Agricultural technology, economic viability and poverty alleviation in Kenya

Citation:
Ariga ES, Okeyo AM, Waithaka MM, Kyalo AM. "Agricultural technology, economic viability and poverty alleviation in Kenya.". 1999.

Abstract:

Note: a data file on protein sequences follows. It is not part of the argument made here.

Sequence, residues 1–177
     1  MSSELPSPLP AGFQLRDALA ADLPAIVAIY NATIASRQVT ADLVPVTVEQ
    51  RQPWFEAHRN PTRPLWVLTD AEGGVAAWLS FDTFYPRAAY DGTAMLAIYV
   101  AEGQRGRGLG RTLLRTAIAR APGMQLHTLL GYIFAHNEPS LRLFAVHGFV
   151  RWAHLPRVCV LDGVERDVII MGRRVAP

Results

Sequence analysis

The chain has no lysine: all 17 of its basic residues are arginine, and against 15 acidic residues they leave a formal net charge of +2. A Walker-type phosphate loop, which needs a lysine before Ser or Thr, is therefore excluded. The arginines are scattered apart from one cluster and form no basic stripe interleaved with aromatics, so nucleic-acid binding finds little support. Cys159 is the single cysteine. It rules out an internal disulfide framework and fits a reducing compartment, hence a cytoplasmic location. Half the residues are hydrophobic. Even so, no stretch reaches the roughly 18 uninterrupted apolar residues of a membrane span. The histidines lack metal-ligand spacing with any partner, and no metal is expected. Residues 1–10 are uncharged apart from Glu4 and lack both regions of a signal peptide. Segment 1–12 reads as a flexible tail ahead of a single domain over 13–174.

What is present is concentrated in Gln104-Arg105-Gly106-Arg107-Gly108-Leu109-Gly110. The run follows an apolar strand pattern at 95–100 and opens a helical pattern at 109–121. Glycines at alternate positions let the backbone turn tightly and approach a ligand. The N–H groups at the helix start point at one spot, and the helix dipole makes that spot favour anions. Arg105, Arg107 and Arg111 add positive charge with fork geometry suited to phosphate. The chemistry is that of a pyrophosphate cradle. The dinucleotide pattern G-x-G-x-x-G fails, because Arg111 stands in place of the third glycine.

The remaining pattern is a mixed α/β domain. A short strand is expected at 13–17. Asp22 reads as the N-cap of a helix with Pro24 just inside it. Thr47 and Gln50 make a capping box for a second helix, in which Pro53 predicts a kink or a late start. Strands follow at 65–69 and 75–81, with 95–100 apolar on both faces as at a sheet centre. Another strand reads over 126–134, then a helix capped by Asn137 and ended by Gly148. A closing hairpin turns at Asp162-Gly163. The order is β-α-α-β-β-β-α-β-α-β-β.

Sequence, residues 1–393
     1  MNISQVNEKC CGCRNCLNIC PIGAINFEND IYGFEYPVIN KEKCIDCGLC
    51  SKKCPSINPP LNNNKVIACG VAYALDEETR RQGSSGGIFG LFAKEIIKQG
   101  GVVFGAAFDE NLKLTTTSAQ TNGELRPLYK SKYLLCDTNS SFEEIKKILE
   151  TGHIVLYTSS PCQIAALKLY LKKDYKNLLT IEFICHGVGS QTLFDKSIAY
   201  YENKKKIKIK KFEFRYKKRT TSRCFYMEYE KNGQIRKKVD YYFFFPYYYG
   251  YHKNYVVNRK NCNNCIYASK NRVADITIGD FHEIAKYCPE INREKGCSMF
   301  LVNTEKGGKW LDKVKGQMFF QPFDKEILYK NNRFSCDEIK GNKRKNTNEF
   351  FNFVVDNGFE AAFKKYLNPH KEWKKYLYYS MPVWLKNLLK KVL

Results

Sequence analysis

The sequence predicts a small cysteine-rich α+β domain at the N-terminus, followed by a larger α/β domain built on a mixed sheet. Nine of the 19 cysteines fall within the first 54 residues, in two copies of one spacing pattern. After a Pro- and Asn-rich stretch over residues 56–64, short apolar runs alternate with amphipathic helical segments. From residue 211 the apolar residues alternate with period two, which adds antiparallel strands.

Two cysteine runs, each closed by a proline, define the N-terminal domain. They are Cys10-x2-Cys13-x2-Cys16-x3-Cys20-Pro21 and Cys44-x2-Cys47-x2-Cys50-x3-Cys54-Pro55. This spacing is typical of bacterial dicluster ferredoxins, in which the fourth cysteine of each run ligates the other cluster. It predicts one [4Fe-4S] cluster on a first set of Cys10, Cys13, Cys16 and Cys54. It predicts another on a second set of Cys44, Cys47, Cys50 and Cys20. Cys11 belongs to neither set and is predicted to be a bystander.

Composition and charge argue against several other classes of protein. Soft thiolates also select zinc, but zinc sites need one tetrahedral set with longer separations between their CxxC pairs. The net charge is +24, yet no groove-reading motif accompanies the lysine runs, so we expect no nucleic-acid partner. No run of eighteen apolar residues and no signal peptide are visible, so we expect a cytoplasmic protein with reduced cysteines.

The major challenges facing Kenya today are poverty and unemployment. About 50% of the rural population and 30% of the urban population live below the poverty line. With 80% of the population being rural the poverty problem is overwhelming. The country has been unable to generate adequate employment and wage employment has been declining over the recent past. While in the 1970s the growth rate of employment was about 4% per annum, in the current decade, the growth rate has been about 1.9% per annum, which is below the population growth rate estimated at about 3%. The country has also witnessed declining growth in income per capita. While in the 1960s per capita income grew at 2.6% p.a. this declined to 0.4% in 1980s. Between 1990 and 95 the decline was even more dramatic at negative 0.3% (Kenya, 1997). The poverty line is defined here as the value of consumption of food and non-food items below which individuals cannot afford the recommended energy intake plus a minimum allowance for non-food consumption. The poverty line has been estimated at about US$ 200 and 300 for rural and urban areas respectively (GoK, 1998). This translates to less than one US$ per day. Of Kenya’s total land area of 57.6 million hectares, 9.4 million or about 16% is classified as high and medium potential land for agriculture. The remaining area estimated at 84% makes up the arid and semi arid lands (ASALs). Out of the ASALs 48 million hectares, about 9 million hectares can support crop production, 15 million hectares is adequate for livestock production while the rest is dry and only useful for nomadic pastoralism. The ASAL supports about 20% of the population, 50% of livestock and 3% of current agricultural output and 7% of commercial output. ASALs have low natural fertility which are prone to compaction and vulnerable to erosion. The agriculture sector dominates the economy and contributes virtually to all the stated national goals including achievement of national and household food security, industrialization by year 2020 as well as provision of employment opportunities. Currently, agriculture accounts for about one-third of the gross domestic product, employs more than two-thirds of the labour force, accounts for almost 70% of the export earnings (excluding refined petroleum), generates the bulk of the country's food requirements and provides significant proportion of raw materials for the agricultural based industrial sector. Overall, the smallholder sub-sector contributes about 75% of the total value of agricultural output, 55% of the marketed agricultural output and provides just over 85% of the total employment in agriculture. The sector’s ability to contribute effectively to the national goals hinges on identifying and implementing measures which promote high and sustainable growth rate. Mellor (1990) asserted that agricultural productivity growth is normally the major source of sustained improvements in rural welfare. Three sources of agricultural growth can be identified in Kenya. One is the expansion of cultivated area. The second is substitution or switching towards higher valued commodities. The third is intensification. The first source of agricultural growth is currently extremely limited. The cultivable land available to open up has diminished over the years with rapidly rising population estimated at about 3% per annum to the extent that the land holdings are becoming sub-optimal economic units and there is ever increasing temptation to migrate to the marginal and fragile zone. Moreover, irrigation development which could help in increasing cultivable land has been very slow due to the seemingly high cost associated with it. Commodity substitution will contribute significantly to growth only if the input and output markets function in a way to allow the producers and the private sectors respond appropriately to the market signals. This is expected to occur if the on-going structural adjustment programmes succeed in limiting government intervention to its core functions (of public good nature) and allowing the private sector to take up the production, marketing and distribution role. Most agricultural growth will therefore come from the third source: increased output per unit land area. The realization of this growth potential will hinge on shifting rapidly from resource based to science and knowledge-based agriculture. The objective of this paper is to The sector’s ability to contribute effectively to the national goals hinges on identifying and implementing measures which promote high and sustainable growth rate. Mellor (1990) asserted that agricultural productivity growth is normally the major source of sustained improvements in rural welfare. Three sources of agricultural growth can be identified in Kenya. One is the expansion of cultivated area. The second is substitution or switching towards higher valued commodities. The third is intensification. The first source of agricultural growth is currently extremely limited. The cultivable land available to open up has diminished over the years with rapidly rising population estimated at about 3% per annum to the extent that the land holdings are becoming sub-optimal economic units and there is ever increasing temptation to migrate to the marginal and fragile zone. Moreover, irrigation development which could help in increasing cultivable land has been very slow due to the seemingly high cost associated with it. Commodity substitution will contribute significantly to growth only if the input and output markets function in a way to allow the producers and the private sectors respond appropriately to the market signals. This is expected to occur if the on-going structural adjustment programmes succeed in limiting government intervention to its core functions (of public good nature) and allowing the private sector to take up the production, marketing and distribution role. Most agricultural growth will therefore come from the third source: increased output per unit land area. The realization of this growth potential will hinge on shifting rapidly from resource based to science and knowledge-based agriculture. The objective of this paper is to